*Posted by Sacha Saint-Leger on April 17, 2020*

In this tutorial we’ll guide you through the creation and execution of your first zero-knowledge proof using our circom and snarkjs libraries.

We assume as little background knowledge as possible and do our best to explain the relevant concepts from first-principles.

Let’s start with the basics.

In cryptography, a zero-knowledge proof or zero-knowledge protocol is a method by which one party (the prover) can prove to another party (the verifier) that they know a value x, without conveying any information apart from the fact that they know the value x. Source

Zero-knowledge proofs allow us to prove something specific about ourselves without revealing any additional information.

On a philosophical level, they are part of a set of new cryptographic tools that show that transparency does not have to be in conflict with privacy.

The term *zk-snarks* stands for *zero-knowledge succinct non-interactive arguments of knowledge.*

You don’t need to understand what that means. You can simply think of zk-snarks as efficient (or succinct) ways to produce a zero-knowledge proofs: proofs that are short enough to publish to a blockchain, and that can be read later by anyone who has permission to verify them (what we call a verifier).

Say an ICO (initial coin offering) is only available to KYC or authorized users. With zk-snarks you can prove that you are an authorized person to participate in the ICO without revealing who you are, or how much you spent.

Similar to the above, you can prove you are eligible to vote without revealing your sex, age, or even your name.

For example, you could vote in a national election while only revealing that you are a citizen of that country, and over 18 years old.

You could use zk-snarks to prove that you’ve recently tested negative for Covid-19 without revealing the exact date you were tested, or the lab/hospital in which you were tested: you only reveal that you were tested within a requested window of time, at an officially recognised location; nothing more.

We’ll be making use of two libraries: circom and snarkjs.

Circom is a library that makes it easy to build algebraic circuits.

While snarkjs is an independent implementation of the zk-snarks protocol – fully written in JavaScript.

These libraries are designed to work together: any circuit you build in circom can be used in snarkjs.

zk-snarks can’t be applied to any computational problem directly. The problem first needs to be converted into the right form. The first step is to convert it into an algebraic circuit.

Although it may not always be obvious how to do it, it turns out that most computational problems we care about can be converted into algebraic circuits.

*zk-snark pipeline, drawn by Eran Tromer*

Now that we’ve covered the basics, we’re ready to dive in.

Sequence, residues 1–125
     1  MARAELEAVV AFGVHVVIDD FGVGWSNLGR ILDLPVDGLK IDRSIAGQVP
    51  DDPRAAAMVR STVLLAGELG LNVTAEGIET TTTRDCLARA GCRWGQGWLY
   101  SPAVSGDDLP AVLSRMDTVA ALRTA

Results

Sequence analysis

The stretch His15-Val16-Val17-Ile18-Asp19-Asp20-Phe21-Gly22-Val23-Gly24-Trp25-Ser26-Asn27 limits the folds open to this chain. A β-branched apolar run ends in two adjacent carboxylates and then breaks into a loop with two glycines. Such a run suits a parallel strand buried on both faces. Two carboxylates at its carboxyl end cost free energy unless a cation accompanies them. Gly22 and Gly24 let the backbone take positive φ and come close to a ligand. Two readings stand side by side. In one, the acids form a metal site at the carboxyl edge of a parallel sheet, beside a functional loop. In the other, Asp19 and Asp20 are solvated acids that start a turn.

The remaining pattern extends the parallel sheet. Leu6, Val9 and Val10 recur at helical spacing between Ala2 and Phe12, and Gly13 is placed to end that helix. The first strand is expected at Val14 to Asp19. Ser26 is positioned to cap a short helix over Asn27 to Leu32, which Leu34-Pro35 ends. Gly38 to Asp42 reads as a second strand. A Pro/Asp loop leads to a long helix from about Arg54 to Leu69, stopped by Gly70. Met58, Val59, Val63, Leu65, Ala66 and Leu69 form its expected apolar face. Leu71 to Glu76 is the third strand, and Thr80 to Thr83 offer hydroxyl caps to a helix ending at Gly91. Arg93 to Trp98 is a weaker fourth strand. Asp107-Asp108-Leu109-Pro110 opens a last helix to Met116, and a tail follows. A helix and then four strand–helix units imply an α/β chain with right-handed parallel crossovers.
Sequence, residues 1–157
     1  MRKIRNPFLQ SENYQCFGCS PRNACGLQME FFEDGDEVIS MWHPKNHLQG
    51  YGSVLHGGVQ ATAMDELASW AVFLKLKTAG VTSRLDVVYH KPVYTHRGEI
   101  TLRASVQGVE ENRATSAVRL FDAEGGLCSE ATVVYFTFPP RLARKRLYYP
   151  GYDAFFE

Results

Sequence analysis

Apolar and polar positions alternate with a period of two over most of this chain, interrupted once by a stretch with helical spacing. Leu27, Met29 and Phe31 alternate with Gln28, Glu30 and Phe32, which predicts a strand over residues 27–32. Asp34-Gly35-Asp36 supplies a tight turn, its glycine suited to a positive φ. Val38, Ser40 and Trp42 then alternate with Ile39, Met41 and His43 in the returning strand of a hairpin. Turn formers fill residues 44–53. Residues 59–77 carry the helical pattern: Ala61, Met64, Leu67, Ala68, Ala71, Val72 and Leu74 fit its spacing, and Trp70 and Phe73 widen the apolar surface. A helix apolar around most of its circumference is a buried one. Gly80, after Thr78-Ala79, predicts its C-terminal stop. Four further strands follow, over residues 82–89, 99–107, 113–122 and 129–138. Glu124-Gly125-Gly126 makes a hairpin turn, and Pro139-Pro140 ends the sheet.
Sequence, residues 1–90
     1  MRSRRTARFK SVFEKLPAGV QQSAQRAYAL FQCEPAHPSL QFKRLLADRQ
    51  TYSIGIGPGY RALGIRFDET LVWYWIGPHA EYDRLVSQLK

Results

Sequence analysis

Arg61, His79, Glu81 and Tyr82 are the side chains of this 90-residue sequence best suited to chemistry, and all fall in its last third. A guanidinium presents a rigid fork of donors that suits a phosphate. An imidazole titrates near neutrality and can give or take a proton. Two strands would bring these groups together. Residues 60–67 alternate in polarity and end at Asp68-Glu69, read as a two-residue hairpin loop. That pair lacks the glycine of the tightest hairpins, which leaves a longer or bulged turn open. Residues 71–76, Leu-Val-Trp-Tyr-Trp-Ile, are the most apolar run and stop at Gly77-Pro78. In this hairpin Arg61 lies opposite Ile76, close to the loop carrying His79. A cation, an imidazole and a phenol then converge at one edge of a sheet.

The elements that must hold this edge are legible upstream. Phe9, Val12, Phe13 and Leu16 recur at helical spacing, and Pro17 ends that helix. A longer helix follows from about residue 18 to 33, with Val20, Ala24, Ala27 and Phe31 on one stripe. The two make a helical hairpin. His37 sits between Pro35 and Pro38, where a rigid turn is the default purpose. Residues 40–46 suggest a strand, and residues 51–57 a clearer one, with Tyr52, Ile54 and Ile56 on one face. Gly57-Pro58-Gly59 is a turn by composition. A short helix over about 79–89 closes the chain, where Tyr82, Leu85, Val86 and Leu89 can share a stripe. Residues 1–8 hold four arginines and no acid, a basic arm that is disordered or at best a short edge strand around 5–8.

In the following steps, we’ll cover the various techniques to write circuits, and show you how to create and verify proofs off-chain and on-chain on ethereum.

First off, make sure you have a recent version of `Node.js`

installed.

While any version after `8.12.0`

should work fine, we recommend you install version `10.12.0`

or later.

Why? These later versions of Node include native big integer libraries. `snarkjs`

makes use of this feature (if available) to improve performance by up to **10x**.

If you’re not sure which version of Node you have installed, you can run:

```
node -v
```

To download the latest version of Node, click here.

To install `circom`

and `snarkjs`

run:

```
npm install -g circom
npm install -g snarkjs
```

Hopefully both libraries installed successfully.

If you’re on a Unix machine and you’re seeing an error that contains the phrase `node-gyp rebuild`

it’s probably because you need to update your version of Node to the latest long term support (LTS) version, at the time of writing this is `v10.15.3`

.

If you’re seeing one or more errors that look like:

`EACCES: permission denied`

It’s probably because you originally installed Node with root permissions. Because of this, writing to your npm directory (`npm install -global`

) requires root permissions too.

To get around this quickly, run the slightly modified commands:

```
sudo npm install -global --unsafe-perm circom
sudo npm install -global --unsafe-perm snarkjs
```

To get around this the proper way, follow the steps outlined here.

Now that we’ve installed `circom`

and `snarkjs`

, let’s build a circuit that proves to someone that we’re able to factor an integer `c`

.

Specifically, let’s build a circuit that allows us to prove that we know two numbers (call them `a`

and `b`

) that multiply together to give `c`

, without revealing `a`

and `b`

.

Before we start, let’s define what we mean by a circuit.

For our purposes, a circuit is equivalent to a statement or deterministic program which has an output and one or more inputs.

There are two types of possible inputs to a circuit: `private`

and `public`

. The difference being that a `private`

input is hidden from the individual who is verifying the truthfulness of the statement (the verifier).

The idea here is that given a `circom`